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Is there a word when you think of someone and he suddenly shows up or calls you ?

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    Yes, there is: coincidence. – oerkelens Aug 14 '14 at 14:38
  • OK. So, we can use "coincidence" not just in events but also when we think of them. – CBR Aug 14 '14 at 14:41
  • @Bobson: corrected the title – CBR Aug 14 '14 at 14:43
  • Looking for 'Love'? – Ronan Aug 14 '14 at 14:46
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Could the word you want be synchronicity:-

  1. Coincidence of events that seem to be meaningfully related, conceived in Jungian theory as an explanatory principle on the same order as causality. [American Heritage Dictionary via the Free Dictionary]
  • As I understand the theory, for this word to apply, you need to have 2 or more events that are seemingly very similar or identical, but causally unrelated ("an apparently meaningful coincidence in time of two or more similar or identical events that are causally unrelated" Collins English Dictionary from thefreedictionary.com) For instance, one person drops dead of a heart attack and the same day so does his brother-in-law who lives in another state. That's nothing like what the question describes! – Brillig Aug 15 '14 at 15:14
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Probably most accurate is "anomolous experience".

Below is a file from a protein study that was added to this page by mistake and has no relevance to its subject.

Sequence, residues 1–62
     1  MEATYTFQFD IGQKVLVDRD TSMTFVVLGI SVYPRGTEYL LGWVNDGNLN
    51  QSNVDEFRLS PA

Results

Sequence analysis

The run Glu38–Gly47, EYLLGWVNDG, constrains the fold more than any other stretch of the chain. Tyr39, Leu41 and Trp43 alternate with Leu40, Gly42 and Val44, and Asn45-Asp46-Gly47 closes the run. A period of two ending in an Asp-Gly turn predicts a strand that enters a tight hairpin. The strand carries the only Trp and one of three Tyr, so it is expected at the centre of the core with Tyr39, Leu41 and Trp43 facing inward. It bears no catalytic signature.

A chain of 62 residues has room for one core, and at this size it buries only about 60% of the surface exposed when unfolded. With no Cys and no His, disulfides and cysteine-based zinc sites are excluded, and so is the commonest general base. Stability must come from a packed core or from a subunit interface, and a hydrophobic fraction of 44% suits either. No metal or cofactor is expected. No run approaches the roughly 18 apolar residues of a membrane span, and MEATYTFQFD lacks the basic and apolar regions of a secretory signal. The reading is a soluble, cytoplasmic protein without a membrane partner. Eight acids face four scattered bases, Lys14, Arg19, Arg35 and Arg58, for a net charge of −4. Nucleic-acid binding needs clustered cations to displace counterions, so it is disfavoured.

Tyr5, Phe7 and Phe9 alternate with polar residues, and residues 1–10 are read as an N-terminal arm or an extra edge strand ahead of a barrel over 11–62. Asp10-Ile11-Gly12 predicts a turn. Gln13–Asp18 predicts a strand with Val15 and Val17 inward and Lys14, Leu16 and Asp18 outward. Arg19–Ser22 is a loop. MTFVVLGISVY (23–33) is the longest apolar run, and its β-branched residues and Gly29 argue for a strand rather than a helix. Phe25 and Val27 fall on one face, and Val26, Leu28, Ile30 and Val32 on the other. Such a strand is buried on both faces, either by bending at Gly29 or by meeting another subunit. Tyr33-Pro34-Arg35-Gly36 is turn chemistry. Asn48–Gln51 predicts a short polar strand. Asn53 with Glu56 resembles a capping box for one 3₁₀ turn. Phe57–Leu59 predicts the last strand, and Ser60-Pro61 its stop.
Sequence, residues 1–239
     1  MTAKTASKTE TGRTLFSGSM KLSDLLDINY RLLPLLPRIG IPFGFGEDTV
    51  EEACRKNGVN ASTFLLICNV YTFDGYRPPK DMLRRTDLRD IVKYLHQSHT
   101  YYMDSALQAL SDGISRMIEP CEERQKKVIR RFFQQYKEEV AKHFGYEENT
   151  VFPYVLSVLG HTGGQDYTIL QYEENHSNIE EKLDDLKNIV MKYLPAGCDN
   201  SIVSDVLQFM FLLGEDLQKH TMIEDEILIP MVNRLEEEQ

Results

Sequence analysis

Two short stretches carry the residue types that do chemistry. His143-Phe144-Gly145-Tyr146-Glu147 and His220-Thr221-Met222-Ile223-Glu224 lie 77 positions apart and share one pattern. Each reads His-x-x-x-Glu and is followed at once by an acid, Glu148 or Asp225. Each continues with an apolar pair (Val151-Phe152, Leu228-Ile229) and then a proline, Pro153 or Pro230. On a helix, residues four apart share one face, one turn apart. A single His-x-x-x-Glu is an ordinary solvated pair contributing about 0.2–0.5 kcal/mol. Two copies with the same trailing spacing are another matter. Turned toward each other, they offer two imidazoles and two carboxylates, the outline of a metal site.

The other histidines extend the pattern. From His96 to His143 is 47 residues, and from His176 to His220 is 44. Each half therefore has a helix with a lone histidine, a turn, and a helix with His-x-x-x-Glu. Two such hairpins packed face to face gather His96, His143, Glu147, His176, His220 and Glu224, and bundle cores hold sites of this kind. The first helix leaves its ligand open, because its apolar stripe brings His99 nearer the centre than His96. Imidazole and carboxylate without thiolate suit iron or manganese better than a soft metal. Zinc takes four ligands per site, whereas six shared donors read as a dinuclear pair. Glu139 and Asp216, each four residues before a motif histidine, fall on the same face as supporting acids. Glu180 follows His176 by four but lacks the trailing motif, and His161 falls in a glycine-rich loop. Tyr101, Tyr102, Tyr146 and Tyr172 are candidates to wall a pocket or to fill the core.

I've heard this meaning associated with "premonition". Some people say "sixth sense" (but, more technically, psychologists will call it an "anomolous experience" which is why I mentioned that first). I've also heard this intended meaning from the phrase "feminine intuition". Men will often say "gut feeling" or something more along those lines.

Here's an on-point article from Psychology Today: http://www.psychologytoday.com/articles/201206/your-sixth-sense

  • this one also seem to relate to what I was searching for but this is more of a technical word. Isn't it ? – CBR Aug 18 '14 at 16:32
  • Are you asking is it more technical than synchronicity? They are equally technical, but I think the most important thing to consider is that synchronicity DOES NOT describe what you ask in the question - you would need 2 nearly identical but seemingly unrelated events for it to apply - such as you and 3 long-forgotten classmates from years ago all decide to vacation at the same hotel in Athens, Greece at the same time. What your question describes is "anomolous experience" not "synchronicity"; black and white difference between the two. – Brillig Aug 18 '14 at 22:49

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